the vance memorial is a massive granite monument located at pack square in downtown asheville. the monument was built in 1897 and honors governor and U.S. senator zebulon b. vance. zebulon vance (1830-1894) was a confederate captain during the civil war and in 1862 he was elected govenor of confederate north carolina. during his tenure as confederate governor he was a proponent of jewish civil rights. after the end of the civil war vance was to be marched 35 miles to a train depot for a trip to washington and a prison sentence. a jewish hat maker named samuel wittkowski intervened and persuaded the union officer in charge to let vance ride in his carriage to the train depot. this act of kindness made vance a life long supporter of tolerance towards jews. in 1870 vance was elected to the U.S. senate but radical republicans refused to seat him. for the next several years vance went on a lecture tour around the country in support of jewish rights. later vance returned to the U.S. senate and finished his political career as a post civil war governor of north carolina. zebulon vance is a very interesting character in U.S. history.
the asheville visitor center is a good first stop on a visit to asheville. at the visitor center you can learn about the historic and natural attractions of the asheville area. also at the visitor center you can take a trolley ride around downtown asheville.
Drive to Tryon, NC taking the back roads (by way of Hendersonville & Flat Rock) then head up to Lake Lure... and then back track to Asheville by way of Chimney Rock (Lake Lure) & Bat Cave. This is a drive you can do in 5 - 6 hours if you stop along the way in Hendersonville, Flat Rock, Tryon, Lake Lure, Chimney Rock, etc.
Maybe on another day you drive from Asheville to Boone via the Blue Ridge Parkway.
You can even go to Johnson City, Tennessee (less than one hour from Asheville) and drive around the Cherokee Forest.
If you are in Asheville in the Fall months (October!) you will even be in more joy!
There are some really neat mountain resort spots in those Smokey's along the Blue ridge Parkway. I used to travel up here on business and was part of takeover of projects at Suger and Beech Mountain. It was tough times in the 1970's. Winter sports and skining are the big thing and man made, or natural. Summer is not as demending, but it still has a fair share of tourists. The foilage is the best aspect in fall.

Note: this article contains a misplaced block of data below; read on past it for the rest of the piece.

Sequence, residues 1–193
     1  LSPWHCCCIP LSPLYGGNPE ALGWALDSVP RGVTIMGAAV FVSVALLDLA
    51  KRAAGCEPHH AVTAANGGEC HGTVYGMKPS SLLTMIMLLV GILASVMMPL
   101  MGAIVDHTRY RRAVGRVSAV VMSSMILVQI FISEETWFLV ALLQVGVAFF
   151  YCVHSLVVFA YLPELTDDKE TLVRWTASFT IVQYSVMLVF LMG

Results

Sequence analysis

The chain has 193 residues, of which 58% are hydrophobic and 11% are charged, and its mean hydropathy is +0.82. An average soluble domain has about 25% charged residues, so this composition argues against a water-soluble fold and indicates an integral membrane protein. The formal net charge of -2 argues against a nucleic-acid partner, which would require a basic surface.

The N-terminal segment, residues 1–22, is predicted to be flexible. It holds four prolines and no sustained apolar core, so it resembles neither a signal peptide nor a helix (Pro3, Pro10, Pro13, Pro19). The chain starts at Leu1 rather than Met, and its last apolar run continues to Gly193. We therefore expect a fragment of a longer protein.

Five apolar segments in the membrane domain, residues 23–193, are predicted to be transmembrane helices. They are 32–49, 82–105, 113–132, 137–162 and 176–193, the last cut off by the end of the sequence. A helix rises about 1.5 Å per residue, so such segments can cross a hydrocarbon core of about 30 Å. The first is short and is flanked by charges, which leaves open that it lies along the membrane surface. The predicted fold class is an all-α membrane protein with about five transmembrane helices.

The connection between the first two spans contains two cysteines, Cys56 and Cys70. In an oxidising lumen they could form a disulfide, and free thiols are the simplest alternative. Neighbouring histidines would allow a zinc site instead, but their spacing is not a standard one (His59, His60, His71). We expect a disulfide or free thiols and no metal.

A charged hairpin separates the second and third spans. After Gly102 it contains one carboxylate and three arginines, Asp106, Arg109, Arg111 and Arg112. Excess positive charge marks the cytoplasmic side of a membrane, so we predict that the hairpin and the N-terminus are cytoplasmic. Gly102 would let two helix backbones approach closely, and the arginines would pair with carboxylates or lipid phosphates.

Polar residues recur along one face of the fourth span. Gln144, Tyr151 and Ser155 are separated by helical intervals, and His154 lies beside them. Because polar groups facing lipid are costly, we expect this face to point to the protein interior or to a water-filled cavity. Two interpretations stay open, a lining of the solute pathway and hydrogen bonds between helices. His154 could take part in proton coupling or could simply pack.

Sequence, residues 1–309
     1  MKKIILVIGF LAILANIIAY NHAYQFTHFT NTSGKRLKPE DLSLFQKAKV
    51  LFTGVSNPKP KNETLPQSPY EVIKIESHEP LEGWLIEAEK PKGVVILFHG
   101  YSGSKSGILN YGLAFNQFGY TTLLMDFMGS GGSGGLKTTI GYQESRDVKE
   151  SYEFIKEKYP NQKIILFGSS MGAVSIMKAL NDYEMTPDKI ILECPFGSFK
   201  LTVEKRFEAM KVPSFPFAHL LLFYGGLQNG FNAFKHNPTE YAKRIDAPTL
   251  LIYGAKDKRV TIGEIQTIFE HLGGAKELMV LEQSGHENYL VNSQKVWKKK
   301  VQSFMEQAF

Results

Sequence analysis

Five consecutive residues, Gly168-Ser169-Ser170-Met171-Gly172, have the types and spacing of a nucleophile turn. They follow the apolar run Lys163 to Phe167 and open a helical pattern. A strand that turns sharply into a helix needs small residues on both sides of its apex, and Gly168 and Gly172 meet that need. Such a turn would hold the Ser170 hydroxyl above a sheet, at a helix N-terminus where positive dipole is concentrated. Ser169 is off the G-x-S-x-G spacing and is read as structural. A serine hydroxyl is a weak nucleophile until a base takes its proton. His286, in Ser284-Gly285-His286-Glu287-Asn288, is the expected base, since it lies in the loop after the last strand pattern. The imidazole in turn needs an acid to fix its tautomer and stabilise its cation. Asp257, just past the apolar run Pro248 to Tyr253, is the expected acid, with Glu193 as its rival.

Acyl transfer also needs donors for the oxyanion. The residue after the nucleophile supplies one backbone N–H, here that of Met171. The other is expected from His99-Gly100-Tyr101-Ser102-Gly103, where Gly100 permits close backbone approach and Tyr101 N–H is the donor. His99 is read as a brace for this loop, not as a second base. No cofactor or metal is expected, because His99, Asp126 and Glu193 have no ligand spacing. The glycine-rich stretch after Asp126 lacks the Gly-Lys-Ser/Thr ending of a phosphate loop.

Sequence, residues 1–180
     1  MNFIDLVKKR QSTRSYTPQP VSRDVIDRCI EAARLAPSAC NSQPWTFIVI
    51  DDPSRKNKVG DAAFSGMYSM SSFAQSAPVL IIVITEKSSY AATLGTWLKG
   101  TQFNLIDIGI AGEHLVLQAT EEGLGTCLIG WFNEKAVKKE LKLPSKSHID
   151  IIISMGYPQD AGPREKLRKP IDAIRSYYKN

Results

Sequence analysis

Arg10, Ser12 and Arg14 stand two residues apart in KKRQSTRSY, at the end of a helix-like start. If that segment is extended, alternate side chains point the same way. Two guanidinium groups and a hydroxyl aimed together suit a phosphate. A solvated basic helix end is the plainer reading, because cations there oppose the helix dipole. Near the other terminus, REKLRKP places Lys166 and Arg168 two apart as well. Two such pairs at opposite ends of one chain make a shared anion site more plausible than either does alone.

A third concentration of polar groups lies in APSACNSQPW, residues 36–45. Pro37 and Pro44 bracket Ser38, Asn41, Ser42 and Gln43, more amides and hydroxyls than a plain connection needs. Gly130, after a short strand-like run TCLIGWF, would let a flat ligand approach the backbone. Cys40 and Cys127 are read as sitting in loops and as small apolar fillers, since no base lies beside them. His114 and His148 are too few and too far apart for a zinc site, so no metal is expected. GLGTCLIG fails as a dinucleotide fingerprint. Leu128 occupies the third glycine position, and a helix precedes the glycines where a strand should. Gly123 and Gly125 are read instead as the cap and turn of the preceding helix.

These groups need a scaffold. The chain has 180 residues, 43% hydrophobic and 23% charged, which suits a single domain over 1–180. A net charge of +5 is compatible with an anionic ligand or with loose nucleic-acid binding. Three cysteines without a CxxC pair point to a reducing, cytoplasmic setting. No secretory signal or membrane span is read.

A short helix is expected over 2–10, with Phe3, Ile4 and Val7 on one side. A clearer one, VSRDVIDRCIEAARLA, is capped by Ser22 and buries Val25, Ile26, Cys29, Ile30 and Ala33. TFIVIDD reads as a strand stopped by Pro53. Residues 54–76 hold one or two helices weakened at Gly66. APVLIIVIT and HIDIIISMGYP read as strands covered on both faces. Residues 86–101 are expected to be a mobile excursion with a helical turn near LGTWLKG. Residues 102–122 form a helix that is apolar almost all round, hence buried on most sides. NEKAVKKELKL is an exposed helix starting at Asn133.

Shoji is a Japanese style Spa that offers Private Hot Tubs before your massage. The Spa is nestled on the side of a mountain with the tubs being a short walk down from the main building. All of the hot tubs are walled on three sides with an open side looking out over the side of the mountain. It is absolutely the best hot tub experience I've had. You can lay in the tub and look out over the forest or up at the sky. I wish it were raining so I could have had the cold rain to counter the hot tub.
Usually the tub is a prelude to a massage and they offer about every type you can think of. We opted for a couple massage but there are a variety of techniques to choose from. There is a cold plunge for the truly daring and also a sauna.
The Staff at the Albemarle Inn recommended Shoji to us. The natural environment and outdoor tubs are what make this spa really special. I thoroughly enjoyed the visit and would not hesitate to return.
Because we were able to check in early when we arrived we were able to go outside and see several nice displays in quaint little buildings. They had a nice antique auto museum, a yarn and fabric place and a woodworking shop.
No time on this brief stopover to visit Asheville's Art Museum but my guess is the artsy town has a decent one. At only $6 it sounds like a bargain but with the sun shining there was little that could bring us indoors. Well, except maybe another IPA at the Wood. ;)